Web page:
Grass seed that fails to germinate cannot grow into part of a lush green lawn, so it's important to sow seed when conditions are right for germination. Soil temperature, depth of planting and soil moisture are all key factors. Ensure the correct conditions when you seed your lawn for the best results.
Grass seed germinates when the soil temperature is 65 degrees and above. It's important to understand that it is the soil temperature, and not the surrounding air temperature, that is the trigger for seed germination. In early spring days, outside temperatures can reach 70 or more, but the soil, which heats and cools more slowly, may still be frozen in places. Likewise, in the fall, the air temperature may drop below freezing, but the soil might still be relatively warm.
Check Soil Temperature
To measure the soil temperatures, place the sensor end of any thermometer 3 inches into the soil and leave it in place for at least a minute. Special soil testing thermometers are available, but aren't necessary. If you have another type of thermometer, it will work, too, as long as it can measure temperatures between 33 and 85 degrees. If the initial soil temperature measurement is only a degree or two above 65 degrees, test the temperature at several other locations, especially in areas that get less sun. Don't plant grass seed until the soil temperature is at least 65 degrees throughout the area to be seeded.
Soil and Moisture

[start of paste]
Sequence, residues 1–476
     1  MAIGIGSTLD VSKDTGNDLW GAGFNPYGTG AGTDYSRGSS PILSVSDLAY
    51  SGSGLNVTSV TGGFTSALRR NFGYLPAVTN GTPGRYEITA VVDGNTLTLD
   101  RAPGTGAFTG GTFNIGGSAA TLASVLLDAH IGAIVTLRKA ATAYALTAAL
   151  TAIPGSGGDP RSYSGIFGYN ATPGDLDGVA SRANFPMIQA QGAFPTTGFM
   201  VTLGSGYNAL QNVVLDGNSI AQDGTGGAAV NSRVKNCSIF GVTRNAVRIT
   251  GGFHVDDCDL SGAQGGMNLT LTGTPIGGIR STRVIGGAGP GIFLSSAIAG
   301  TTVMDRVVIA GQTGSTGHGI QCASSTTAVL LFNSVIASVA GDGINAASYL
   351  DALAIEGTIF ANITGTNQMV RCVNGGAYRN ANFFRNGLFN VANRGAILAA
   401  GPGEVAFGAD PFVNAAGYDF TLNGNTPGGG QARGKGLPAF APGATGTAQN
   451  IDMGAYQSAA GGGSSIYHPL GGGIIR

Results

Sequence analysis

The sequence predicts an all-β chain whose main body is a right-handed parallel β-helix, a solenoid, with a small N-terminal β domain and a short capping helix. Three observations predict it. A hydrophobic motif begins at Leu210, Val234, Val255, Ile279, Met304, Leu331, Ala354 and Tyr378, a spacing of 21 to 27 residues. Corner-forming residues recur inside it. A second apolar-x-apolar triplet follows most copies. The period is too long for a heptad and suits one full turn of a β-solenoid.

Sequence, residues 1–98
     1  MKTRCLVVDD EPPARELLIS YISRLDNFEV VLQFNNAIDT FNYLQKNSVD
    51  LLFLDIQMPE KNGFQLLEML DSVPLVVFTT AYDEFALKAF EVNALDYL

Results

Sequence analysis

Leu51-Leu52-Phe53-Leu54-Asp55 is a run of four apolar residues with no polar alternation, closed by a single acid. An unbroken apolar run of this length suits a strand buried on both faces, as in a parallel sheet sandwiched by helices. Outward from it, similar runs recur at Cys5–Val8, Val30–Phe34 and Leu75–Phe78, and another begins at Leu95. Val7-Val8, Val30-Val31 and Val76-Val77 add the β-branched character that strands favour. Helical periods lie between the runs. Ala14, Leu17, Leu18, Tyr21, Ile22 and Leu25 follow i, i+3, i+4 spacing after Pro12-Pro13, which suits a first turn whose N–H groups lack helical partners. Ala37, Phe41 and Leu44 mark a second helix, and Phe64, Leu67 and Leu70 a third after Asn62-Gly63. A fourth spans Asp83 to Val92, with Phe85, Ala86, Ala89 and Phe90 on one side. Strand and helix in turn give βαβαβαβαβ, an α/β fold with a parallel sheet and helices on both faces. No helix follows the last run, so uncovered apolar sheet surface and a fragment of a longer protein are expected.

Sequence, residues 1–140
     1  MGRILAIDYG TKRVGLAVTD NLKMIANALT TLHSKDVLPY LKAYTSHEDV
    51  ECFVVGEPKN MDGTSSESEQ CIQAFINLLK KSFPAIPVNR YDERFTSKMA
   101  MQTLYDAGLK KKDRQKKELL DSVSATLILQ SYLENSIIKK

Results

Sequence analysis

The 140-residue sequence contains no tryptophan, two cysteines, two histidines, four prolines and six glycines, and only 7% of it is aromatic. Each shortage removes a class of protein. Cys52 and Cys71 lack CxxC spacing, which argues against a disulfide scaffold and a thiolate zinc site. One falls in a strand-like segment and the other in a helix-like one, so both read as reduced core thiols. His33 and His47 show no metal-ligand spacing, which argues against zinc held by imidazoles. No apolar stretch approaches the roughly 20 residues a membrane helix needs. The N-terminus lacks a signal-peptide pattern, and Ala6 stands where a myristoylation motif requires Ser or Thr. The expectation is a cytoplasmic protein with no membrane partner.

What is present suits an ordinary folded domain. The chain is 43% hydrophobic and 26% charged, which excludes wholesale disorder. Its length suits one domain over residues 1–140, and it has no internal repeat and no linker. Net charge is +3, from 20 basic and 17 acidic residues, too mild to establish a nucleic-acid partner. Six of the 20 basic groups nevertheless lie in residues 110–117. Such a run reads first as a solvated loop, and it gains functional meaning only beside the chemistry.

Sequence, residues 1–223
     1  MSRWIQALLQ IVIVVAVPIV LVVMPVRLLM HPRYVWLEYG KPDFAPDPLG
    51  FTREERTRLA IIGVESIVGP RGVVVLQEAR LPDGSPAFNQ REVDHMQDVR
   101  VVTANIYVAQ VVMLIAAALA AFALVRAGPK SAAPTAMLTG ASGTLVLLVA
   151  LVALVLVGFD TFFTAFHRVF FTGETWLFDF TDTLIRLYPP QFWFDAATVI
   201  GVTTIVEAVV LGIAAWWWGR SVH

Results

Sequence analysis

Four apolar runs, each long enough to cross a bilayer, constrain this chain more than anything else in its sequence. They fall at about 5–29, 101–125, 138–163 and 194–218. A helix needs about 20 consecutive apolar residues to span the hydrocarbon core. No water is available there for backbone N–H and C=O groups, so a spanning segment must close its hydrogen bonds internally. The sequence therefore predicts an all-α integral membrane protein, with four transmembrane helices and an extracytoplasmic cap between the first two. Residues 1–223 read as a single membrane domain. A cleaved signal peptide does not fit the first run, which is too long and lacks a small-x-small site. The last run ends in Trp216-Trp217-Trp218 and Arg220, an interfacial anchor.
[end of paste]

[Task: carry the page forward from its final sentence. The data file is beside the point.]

Grass seed must also be covered by soil in order to germinate, and must have adequate moisture. To ensure both optimal soil moisture and soil temperature, sow grass seed in the spring or in the fall. Grass seed sown in midsummer is likely to dry out before it can germinate because of high temperatures and relatively dry conditions.
Rake the area to be seeded with a garden rake before you sow the seeds so that the top 1/2 inch or so of soil is soft, loose and somewhat ridged. The grass seeds will settle into the ridges and be covered over with soil when you water or when it rains, which will also help increase the germination rate.
Germination is a biochemical process, and like other chemical processes, it is impeded or facilitated by the surrounding temperature. Different plant seeds have different temperature requirements. Some seeds will not germinate if they have not first been exposed to cold temperatures. Grass seed needs a minimum temperature of 65 degrees and will germinate faster at higher soil temperatures as long as the increased heat doesn't dry out the seeds and soil.
Gretchen Maron has written content for journals, websites, newspapers, radio news and newsletters, ranging from the International Horn Society journal "Horn Call" and the Air America Radio website, to non-profit organization websites. A librarian for over 30 years and a professional writer since 1996, she's an experienced, knowledgeable researcher.